ARRS 2022 Abstracts

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E1144. Triple Negative Breast Cancer: Comprehensive Review of the Clinical, Pathologic, and Multi-modality Imaging Features
Authors
  1. Iris Chen; UCLA
  2. Stephanie Lee-Felker; UCLA
Background
Triple-negative breast cancer (TNBC) is a subgroup of breast cancer without estrogen, progesterone, or human epidermal growth factor receptors. TNBC represents 15–20% of all breast cancers and is associated with BRCA.

Educational Goals / Teaching Points
Key imaging features of TNBC on mammography include irregular shape, ill-defined, and spiculated margins. On ultrasound, TNBC tends to appear as a hypoechoic or complex mass with an irregular shape and non-circumscribed margins. MRI is the most accurate imaging modality to evaluate TNBC and demonstrates intra-tumoral T2 hyperintense signal and rim enhancement on post-contrast images. TNBC has a poor prognosis given its aggressive course, high rates of recurrence, and limited therapeutic options given its lack of target receptor expression. Treatment often involves chemotherapy, and MRI can be used to predict chemotherapy efficacy and pathologic complete response.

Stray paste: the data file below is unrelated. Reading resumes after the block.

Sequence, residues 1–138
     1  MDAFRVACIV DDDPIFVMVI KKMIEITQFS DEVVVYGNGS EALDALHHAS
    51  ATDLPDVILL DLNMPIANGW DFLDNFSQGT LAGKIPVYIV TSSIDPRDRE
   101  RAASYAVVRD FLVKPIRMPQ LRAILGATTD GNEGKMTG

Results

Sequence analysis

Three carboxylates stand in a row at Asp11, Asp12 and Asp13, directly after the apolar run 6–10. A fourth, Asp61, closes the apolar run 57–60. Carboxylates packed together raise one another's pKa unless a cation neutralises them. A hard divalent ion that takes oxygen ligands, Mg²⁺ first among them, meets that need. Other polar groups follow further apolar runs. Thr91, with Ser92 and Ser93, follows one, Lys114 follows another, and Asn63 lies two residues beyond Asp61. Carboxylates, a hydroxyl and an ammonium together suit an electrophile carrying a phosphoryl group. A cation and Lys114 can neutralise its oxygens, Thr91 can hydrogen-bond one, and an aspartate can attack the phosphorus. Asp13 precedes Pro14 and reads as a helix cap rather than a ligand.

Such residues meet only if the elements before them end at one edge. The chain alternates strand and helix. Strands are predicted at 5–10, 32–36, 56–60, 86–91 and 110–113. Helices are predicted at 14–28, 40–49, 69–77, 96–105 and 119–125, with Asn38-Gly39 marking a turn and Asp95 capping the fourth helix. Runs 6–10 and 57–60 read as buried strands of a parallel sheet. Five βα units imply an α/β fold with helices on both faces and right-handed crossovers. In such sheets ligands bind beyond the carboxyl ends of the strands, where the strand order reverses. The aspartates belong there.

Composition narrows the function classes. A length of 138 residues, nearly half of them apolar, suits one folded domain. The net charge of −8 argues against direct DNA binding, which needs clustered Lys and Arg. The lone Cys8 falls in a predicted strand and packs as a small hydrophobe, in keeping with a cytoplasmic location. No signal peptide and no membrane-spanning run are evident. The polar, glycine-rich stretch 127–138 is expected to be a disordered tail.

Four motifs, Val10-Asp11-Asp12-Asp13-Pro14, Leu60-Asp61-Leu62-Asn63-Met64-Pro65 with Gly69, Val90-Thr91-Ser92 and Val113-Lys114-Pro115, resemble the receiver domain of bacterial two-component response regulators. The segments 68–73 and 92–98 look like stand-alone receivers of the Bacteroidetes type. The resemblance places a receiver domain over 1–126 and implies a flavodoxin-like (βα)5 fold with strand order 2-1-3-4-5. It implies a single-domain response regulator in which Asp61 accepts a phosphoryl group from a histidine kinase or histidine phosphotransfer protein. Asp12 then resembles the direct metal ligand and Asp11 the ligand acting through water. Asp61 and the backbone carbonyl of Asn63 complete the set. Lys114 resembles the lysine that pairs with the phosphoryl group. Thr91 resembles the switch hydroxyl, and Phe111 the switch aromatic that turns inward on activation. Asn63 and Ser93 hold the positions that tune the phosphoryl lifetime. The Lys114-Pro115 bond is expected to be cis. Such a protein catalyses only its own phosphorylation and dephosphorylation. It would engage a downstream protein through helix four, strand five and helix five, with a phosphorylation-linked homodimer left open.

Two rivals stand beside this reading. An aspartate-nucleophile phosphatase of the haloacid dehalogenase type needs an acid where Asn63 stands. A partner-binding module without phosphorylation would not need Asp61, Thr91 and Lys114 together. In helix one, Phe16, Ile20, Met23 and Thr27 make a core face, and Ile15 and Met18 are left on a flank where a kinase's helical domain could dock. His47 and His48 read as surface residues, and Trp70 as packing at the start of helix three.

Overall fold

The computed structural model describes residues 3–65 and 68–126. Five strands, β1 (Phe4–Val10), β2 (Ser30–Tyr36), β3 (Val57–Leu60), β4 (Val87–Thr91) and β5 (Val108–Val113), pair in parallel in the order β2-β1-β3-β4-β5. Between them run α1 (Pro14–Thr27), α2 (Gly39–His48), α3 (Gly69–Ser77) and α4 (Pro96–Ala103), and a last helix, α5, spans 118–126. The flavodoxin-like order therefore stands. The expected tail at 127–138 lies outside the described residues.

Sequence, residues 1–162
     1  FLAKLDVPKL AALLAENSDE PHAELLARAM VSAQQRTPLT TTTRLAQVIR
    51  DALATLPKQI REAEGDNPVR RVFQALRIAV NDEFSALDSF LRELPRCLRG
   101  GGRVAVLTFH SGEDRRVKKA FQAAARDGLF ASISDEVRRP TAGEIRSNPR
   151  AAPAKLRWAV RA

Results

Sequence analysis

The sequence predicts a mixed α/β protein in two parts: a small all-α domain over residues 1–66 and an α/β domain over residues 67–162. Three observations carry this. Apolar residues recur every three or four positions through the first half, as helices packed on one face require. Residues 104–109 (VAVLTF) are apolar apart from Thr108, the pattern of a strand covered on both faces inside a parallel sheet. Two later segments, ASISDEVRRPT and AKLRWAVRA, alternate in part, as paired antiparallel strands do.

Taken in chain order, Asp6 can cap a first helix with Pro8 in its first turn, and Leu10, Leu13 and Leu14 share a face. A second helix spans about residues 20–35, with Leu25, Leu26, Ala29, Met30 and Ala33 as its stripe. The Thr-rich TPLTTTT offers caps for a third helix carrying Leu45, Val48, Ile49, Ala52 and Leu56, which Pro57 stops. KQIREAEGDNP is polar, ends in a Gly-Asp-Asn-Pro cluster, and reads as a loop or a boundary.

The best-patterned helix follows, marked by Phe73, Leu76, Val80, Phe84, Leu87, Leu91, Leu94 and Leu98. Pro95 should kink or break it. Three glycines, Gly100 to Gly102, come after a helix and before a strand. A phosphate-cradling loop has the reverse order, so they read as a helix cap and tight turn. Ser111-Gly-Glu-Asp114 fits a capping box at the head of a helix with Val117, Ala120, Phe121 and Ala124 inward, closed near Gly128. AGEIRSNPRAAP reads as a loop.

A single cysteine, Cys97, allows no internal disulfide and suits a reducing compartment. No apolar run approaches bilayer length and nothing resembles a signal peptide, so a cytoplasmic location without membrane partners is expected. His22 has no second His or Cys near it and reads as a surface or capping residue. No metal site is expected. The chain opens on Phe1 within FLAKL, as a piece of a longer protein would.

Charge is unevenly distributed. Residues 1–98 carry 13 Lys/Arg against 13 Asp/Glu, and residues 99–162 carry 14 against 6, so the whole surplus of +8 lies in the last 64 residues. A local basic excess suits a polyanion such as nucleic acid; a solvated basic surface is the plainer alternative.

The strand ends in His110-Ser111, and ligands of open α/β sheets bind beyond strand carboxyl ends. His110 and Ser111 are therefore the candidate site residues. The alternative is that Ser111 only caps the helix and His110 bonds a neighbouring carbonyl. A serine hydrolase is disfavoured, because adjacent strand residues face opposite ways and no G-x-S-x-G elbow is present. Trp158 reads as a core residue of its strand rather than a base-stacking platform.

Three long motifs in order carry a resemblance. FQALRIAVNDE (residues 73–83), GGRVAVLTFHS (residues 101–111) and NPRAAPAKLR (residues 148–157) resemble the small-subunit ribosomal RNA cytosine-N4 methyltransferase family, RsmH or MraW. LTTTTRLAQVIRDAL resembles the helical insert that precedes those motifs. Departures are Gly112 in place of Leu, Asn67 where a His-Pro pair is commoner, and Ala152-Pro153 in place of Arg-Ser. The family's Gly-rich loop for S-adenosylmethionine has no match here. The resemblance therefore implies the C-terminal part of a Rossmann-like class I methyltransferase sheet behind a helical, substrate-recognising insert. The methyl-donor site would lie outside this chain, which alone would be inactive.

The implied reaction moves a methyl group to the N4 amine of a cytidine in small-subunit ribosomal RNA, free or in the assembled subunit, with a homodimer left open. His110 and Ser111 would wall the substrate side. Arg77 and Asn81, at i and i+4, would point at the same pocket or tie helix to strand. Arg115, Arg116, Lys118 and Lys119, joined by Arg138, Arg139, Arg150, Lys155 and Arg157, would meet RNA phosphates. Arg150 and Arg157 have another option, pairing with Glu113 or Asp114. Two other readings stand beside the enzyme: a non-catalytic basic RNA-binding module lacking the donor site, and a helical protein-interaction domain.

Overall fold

Key Anatomic/Physiologic Issues and Imaging Findings/Techniques
Key imaging features of TNBC on mammography include irregular shape, ill-defined, and spiculated margins. On ultrasound, TNBC tends to appear as a hypoechoic or complex mass with an irregular shape and non-circumscribed margins. Magnetic resonance imaging (MRI) is the most accurate imaging modality to evaluate TNBC and demonstrates intra-tumoral T2 hyperintense signal and rim enhancement on post-contrast images. TNBC has a poor prognosis given its aggressive course, high rates of recurrence, and limited therapeutic options given its lack of target receptor expression. Treatment often involves chemotherapy, and MRI can be used to predict chemotherapy efficacy and pathologic complete response.

Conclusion
Prompt recognition and diagnosis of TNBC by imaging is essential.